The Haute Route starts in Chamonix, the European climbing & skiing Mecca and ends in Zermatt, the most well-known alpine town in the world at the foot of the Matterhorn.
The first ski traverse along the Haute Route was made by a French team in January 1903. The party consisted of Joseph Ravanel, “Le Rouge” Alfred Simon, Dr. Payot, Camille and Jean Ravanel, and Jules Couttet.
Their route took in Col du Chardonnet, Fenetre de Saleinaz, Cabane d’Orny, Orsiere, Val de Bagnes, Cabane de Chanrion, Otemma glacier, Col de L’Eveque and Zermatt (after a detour via les Hauderes due to bad weather).
The Haute Route stretches over 145 km (90 miles), crossing 23 glaciers, with a total ascent and descent of 10,000 vertical m. (33,000 ft).
The entire traverse was completed on skis in 1911. The Haute Route is not the achievement of one person or one team but, the result of many attempts from many different teams.
There are quite few variations: From Orsiere one option goes to Mt. Fort above Verbier, and continues on to Les Dix Hut via Rosa Blanche. Another option goes to Grand Combin, Chanrion Hut, Les Dix. All routes finish via Pigne D’Arolla, Vignette, Col de L’Eveque, Col de Valpelline, Zermatt.
Preparing to Ski the Haute Route
Skiers must have a good fitness level – the average day is 6 to 7 hours long with the longest vertical gain of 3,230 ft. and the longest descent of 6,930 ft.
In order to enjoy this ski tour, good technique is required including:
Skinning uphill without effort (efficient movement skills) and skinning with ski crampons
Performing uphill kick turns
Skiing in variable snow conditions – powder, hard spring snow, crud and everything in between – while under control. An efficient technique is best, with no need for aggressive hop turns, but a smoother convergent step turn (like the good old stem Christie).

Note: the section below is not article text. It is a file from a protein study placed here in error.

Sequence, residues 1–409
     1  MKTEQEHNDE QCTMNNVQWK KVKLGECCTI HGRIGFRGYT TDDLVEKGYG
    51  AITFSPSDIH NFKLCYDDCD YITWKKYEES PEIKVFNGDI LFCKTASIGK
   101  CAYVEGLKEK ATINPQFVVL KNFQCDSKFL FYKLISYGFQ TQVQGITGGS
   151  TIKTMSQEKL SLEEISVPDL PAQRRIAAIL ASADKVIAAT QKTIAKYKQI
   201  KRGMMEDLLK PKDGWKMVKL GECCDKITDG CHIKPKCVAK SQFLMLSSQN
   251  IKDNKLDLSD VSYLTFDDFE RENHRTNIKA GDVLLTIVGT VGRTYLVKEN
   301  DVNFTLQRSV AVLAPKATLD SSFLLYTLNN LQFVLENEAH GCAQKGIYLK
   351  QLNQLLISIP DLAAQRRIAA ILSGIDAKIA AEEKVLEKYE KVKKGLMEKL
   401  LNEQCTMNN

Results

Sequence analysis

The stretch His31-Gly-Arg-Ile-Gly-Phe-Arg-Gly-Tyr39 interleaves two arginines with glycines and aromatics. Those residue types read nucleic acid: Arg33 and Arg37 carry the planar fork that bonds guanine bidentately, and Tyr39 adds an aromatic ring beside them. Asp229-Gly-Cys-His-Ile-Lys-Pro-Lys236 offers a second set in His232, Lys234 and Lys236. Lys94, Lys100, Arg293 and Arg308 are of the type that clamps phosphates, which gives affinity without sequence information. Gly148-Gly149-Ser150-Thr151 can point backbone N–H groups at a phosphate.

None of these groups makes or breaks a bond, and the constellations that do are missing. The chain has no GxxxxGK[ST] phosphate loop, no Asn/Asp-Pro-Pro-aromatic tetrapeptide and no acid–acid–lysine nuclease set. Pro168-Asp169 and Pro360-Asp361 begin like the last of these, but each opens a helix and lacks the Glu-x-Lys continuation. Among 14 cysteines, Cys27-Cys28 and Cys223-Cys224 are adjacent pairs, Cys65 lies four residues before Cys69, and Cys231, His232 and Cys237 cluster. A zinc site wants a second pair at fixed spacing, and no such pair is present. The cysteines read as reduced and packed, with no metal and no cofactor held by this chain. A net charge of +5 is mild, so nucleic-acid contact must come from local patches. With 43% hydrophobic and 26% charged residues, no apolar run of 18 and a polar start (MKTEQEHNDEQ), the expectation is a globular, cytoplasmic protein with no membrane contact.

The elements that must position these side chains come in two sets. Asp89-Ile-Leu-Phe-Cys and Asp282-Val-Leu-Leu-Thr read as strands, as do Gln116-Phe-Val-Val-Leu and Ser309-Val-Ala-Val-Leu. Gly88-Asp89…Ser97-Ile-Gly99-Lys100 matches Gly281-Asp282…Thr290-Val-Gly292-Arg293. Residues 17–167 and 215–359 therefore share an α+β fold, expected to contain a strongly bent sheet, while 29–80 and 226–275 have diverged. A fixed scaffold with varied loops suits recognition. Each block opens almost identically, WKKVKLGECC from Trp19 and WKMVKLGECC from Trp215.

Skiing with a pack carrying basic safety gear (shovel, probe, transceiver on you) crampons (light weight aluminum work well) small ice axe, clothes for ski touring and extra in case of bad weather, a few snacks and a water bottle.
Good preparation for skiing the Haute Route would include working with an instructor focusing on adventure skiing, avalanche safety, and mountain ski tactics.
Skiing the Haute Route: Chamonix to Zermatt
While, as described above, there are numerous variations to the Haute Route, the itinerary for the typical ski tour is:
Day 1: Leave Chamonix to go to Argentière and ascend the Grand Montet by gondola. From the top, ski down, then skin up to the Argentière Hut (2,771 m / 9,089′)
Day 2: Departing from the Argentière Hut, climb the Chardonnet Pass taking in the spectacular views, before skiing to the Trient Hut.
Day 3: This day sports a descent starting in the high mountains and finishing on the Rhone valley floor via Champex. Following a transfer to Verbier, the day ending at the Mt. Fort Hut.
Day 4: The Rosablanche is the high point for the day, followed by a marvelous alpine descent of this snow and glacier clad mountain, finishing at the Prafleuri hut.
Day 5: Traverse from Prafleuri hut to Les Dix hut via the Col des Roux, Lac des Dix and the Pas du Chat (the cat step)
Day 6: The climb to the top of the Pigne d’Arolla provides splendid views and leaves us, after a pleasant descent, perched at the Vignette Hut
Day 7: After ascending the Tête Blanche via Col Brulé and Col de L’Eveque, a final Haute Route descent into Zermatt.
Skiing the Haute Route: Accommodations
The huts along the Haute Route are great. Perched on top of glaciers, they offer great comfort and spectacular views.
Accommodations are dorm style, with dinner and breakfast provided.
Snacks, wine, coffee and treats like “Rosti” with cheese and eggs are also available.
Skiing the Haute Route from Chamonix to Zermatt: Additional photos